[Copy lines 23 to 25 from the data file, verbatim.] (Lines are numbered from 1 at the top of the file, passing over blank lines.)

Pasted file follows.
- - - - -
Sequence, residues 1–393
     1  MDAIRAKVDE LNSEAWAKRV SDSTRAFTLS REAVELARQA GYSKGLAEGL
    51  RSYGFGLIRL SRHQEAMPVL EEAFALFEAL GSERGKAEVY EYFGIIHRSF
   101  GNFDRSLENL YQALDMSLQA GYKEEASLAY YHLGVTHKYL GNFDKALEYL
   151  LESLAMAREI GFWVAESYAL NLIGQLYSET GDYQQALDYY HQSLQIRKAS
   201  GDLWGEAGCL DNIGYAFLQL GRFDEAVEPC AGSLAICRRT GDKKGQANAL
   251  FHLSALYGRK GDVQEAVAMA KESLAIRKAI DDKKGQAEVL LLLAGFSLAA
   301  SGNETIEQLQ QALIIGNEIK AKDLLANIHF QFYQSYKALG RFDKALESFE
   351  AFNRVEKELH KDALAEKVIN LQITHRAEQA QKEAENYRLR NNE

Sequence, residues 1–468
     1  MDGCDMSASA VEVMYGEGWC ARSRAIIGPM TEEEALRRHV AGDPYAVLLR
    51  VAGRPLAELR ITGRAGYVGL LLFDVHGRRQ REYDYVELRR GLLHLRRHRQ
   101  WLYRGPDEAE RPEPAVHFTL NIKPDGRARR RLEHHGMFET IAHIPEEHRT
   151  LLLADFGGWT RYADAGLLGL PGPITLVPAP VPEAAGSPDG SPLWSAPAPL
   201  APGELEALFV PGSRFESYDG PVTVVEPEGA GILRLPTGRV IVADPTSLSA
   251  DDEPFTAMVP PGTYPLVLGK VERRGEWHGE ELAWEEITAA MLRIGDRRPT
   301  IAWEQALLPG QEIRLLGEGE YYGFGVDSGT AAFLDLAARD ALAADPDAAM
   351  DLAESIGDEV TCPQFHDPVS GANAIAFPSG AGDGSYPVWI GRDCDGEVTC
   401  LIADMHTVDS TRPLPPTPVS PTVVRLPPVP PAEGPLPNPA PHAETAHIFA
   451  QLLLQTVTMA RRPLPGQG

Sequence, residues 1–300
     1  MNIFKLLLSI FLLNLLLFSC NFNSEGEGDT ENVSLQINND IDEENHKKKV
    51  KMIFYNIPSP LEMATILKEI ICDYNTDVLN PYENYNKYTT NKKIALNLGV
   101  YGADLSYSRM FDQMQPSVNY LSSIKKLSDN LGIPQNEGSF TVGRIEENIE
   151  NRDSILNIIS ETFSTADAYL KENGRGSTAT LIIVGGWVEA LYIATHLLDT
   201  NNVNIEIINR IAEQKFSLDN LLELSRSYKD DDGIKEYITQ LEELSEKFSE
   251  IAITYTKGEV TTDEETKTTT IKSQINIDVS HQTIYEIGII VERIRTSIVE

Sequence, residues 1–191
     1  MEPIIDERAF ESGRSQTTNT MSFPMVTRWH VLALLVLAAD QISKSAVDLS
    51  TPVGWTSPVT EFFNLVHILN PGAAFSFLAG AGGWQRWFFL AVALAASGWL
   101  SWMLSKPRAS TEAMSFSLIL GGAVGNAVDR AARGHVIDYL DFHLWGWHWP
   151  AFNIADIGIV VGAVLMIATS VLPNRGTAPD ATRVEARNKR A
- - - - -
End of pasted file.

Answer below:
    51  KMIFYNIPSP LEMATILKEI ICDYNTDVLN PYENYNKYTT NKKIALNLGV
   101  YGADLSYSRM FDQMQPSVNY LSSIKKLSDN LGIPQNEGSF TVGRIEENIE
   151  NRDSILNIIS ETFSTADAYL KENGRGSTAT LIIVGGWVEA LYIATHLLDT